There’s always a fair amount of interest in whether atheists are more intelligent than believers. When I’ve reported on this in the past, I’ve always been a little sceptical about whether the purported statistical association is meaningful or even real. SO here’s a couple of studies that shed an intriguing light on the problem.
The first by psychologists Gary Lewis, Stuart Ritchie, and Timothy Bates at the University of Edinburgh in Scotland has provided some of the most rigorous evidence to date that the link is indeed real. They took data from the large MacArthur Foundation Survey of Midlife Development in the United States and found that high IQ was significantly associated with every one of six different measures of religion.
For the most part, this association still held even after adjusting for factors like education, sex, age and even personality – the only exception with spirituality, the weakest of all indicators of religion. Overall, link between religion and IQ was strongest for the ‘fundamentalism’ measure.
The authors point out that the effect is very small. And what’s more, there’s still no reason to suppose that atheists are less religious because of their intelligence. There might be some other factor that they didn’t account for that’s related to both.
And that’s where the second new analysis comes in. Led by Amitai Shenhav, a psychologist at Harvard University, the team looked at cognitive style. Basically, they were interested in whether people make snap decisions based on their gut feelings, or whether they ponder things a bit more deeply.
So they asked the questions like this:
“A bat and a ball cost $1.10 in total. The bat costs $1.00 more than the ball. How much does the ball cost?”
The intuitive answer (10 cents) is the wrong one. Stop and think about it for a while and you’ll figure it out! You’ll probably take less time than I did…
Anyway, it turned out that intuitive thinkers (who get the wrong answer) are more likely to believe in god and immortal souls. Even more intriguingly, deep-thinkers were also more likely to say that they had lost their belief since childhood.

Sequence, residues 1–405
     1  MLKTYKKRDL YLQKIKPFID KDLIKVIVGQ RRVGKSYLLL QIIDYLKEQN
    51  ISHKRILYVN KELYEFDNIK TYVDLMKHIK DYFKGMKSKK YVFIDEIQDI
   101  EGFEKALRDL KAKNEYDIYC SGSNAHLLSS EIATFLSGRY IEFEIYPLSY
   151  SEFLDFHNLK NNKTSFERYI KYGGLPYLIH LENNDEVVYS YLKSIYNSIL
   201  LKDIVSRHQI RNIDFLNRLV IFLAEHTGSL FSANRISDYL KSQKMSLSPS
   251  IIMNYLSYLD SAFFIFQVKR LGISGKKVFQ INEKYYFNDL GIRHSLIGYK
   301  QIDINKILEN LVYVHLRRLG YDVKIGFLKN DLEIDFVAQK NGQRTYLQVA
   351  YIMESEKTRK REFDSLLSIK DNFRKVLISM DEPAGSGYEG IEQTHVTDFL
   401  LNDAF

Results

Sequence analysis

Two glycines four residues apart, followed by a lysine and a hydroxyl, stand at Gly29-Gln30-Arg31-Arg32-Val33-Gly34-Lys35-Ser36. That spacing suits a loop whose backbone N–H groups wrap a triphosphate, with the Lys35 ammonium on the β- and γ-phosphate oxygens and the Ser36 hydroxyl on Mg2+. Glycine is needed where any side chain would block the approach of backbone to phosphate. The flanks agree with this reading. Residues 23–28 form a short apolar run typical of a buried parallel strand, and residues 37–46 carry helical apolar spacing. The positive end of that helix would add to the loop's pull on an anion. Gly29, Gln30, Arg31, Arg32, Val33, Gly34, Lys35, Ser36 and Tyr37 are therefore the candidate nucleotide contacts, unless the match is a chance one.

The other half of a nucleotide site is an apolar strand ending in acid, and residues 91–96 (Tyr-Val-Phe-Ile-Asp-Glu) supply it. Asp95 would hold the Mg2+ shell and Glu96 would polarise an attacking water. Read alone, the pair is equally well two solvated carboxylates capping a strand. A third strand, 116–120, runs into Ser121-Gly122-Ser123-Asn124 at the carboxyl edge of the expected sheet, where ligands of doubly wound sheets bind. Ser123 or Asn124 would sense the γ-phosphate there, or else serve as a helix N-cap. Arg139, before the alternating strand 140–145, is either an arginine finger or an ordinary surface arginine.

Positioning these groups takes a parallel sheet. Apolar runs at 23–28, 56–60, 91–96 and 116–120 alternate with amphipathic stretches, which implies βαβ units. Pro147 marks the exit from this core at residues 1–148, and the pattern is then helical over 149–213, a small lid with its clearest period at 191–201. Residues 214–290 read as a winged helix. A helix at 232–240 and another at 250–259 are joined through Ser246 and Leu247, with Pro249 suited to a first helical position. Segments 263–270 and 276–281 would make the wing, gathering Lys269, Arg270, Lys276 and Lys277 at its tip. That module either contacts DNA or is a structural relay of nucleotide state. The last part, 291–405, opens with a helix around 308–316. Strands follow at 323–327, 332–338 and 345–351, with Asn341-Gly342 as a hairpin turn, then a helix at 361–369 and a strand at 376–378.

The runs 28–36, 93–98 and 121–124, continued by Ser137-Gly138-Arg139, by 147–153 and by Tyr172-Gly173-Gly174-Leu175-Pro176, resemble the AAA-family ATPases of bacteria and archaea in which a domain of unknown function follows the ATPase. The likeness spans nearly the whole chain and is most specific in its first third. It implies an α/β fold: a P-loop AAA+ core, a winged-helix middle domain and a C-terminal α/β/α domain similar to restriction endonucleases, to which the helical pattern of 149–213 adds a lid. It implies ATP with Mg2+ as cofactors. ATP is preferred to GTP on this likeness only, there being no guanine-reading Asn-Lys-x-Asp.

That seems to fit with other research showing that believers in the paranormal seem to have a bunch of faulty, intuitive beliefs about how the world works.
But maybe you’re thinking this isn’t really about IQ? Maybe the religious just couldn’t figure out the right answers (it took me quite a lot of puzzling before I figured that example question out).
However, even after adjusting for their higher IQ, deep-thinkers were still more likely to be atheists, and to have lost their childhood religion.
Now, you can probably invent explanations for that just as well as anyone. But one implication, it seems to me, is that this might help to explain the apparent link between atheism and IQ.
You see, if cognitive style and IQ are linked, then it might be that IQ is an innocent bystander here – a case of guilt by association. How you think, and whether you take the time to ponder things through, might be all that matters.
Lewis, G., Ritchie, S., & Bates, T. (2011). The relationship between intelligence and multiple domains of religious belief: Evidence from a large adult US sample Intelligence DOI: 10.1016/j.intell.2011.08.002
Shenhav A, Rand DG, & Greene JD (2011). Divine intuition: Cognitive style influences belief in God. Journal of experimental psychology. General PMID: 21928924